They tried to include regional environmental groups in Juneau and Fairbanks, the Southeast Alaska Conservation Council and the Northern Alaska Environmental Center, who declined to join. As a result, those areas still have organizations working on issues of local concern, but Southcentral Alaska does not.

The Alaska Center director Polly Carr said the center will continue to address Southcentral issues when they affect salmon, clean energy or democracy — which could mean public process. She points to a successful fight against a measure known as House Bill 77 that would have reduced public input on water issues.

She said the center needed to modernize.

"Organizations need to change," Carr said. "They need to evolve. We are in a different time. We're in a different society, economy, environmental landscape, and we need to adapt to that."

Currently, the center is campaigning for Ballot Measure 1, which would link voter registration to the Alaska Permanent Fund dividend, along with allies including BP and Sens. Lisa Murkowski and Dan Sullivan. Any of those allies could have produced the Alaska Center's campaign materials, which target reducing government bureaucracy but say nothing about conservation.

Alaska Democrats have adopted much the same strategy by advancing candidates who say they aren't Democrats. That might work for a while, but it won't build a base of support.

The National Rifle Association didn't win its cause by changing its name to the National Association and saying it was for security, recreation and democracy — it led gun owners fighting for guns rights.

Besides, many critical environmental issues don't affect salmon, clean energy or democracy, and that leaves a huge void.

Nienhueser would like to see the center work on transportation issues and Chugach State Park funding and management. Cliff Eames, who worked for the center for 20 years, said Chugach National Forest's management plan is being rewritten — deciding wilderness designation for 1.9 million acres of Prince William Sound — with little attention from professional environmentalists.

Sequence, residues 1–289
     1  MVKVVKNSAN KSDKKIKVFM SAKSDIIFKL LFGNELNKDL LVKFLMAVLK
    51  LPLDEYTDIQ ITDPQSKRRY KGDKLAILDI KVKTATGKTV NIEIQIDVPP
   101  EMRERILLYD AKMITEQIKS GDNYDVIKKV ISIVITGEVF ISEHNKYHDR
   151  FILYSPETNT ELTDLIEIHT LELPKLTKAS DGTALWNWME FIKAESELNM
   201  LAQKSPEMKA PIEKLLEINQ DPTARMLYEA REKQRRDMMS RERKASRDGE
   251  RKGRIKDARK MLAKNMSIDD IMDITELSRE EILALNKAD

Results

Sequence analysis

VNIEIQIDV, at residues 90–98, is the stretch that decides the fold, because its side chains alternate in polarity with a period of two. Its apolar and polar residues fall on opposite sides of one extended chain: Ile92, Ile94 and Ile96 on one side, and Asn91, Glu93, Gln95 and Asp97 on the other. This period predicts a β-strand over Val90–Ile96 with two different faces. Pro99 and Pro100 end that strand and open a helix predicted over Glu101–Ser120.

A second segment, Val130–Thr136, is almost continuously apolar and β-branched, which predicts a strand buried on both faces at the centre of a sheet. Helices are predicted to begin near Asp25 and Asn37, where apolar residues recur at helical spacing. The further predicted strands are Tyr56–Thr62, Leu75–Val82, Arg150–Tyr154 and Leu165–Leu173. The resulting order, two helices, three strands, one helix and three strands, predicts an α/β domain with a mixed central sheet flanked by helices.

Both praised the center's current work. Carr's team of politically savvy organizers and fundraisers could win elections and have already dramatically increased the center's funding and base of supporters.

But as local environmentalists, we're back to 1970. Many important issues, if they are addressed at all, will be worked on in people's living rooms.

And I have another concern.

If environmentalists really care about protecting wild places, as I do, we should say so loudly.

For me, loving the best part of Alaska isn't about salmon or clean energy. It's much deeper and more encompassing. The special places that feed my spirit don't necessarily give me salmon to eat. I'm moved by the wilderness of Knight Island, not by the concept of clean energy.

The best hope for the environment is to awaken these deeper feelings in more Alaskans so we want to act, not to pretend we're talking about something else.

The views expressed here are the writer's and are not necessarily endorsed by Alaska Dispatch News, which welcomes a broad range of viewpoints. To submit a piece for consideration, email commentary(at)alaskadispatch.com. Send submissions shorter than 200 words to letters@alaskadispatch.com or click here to submit via any web browser.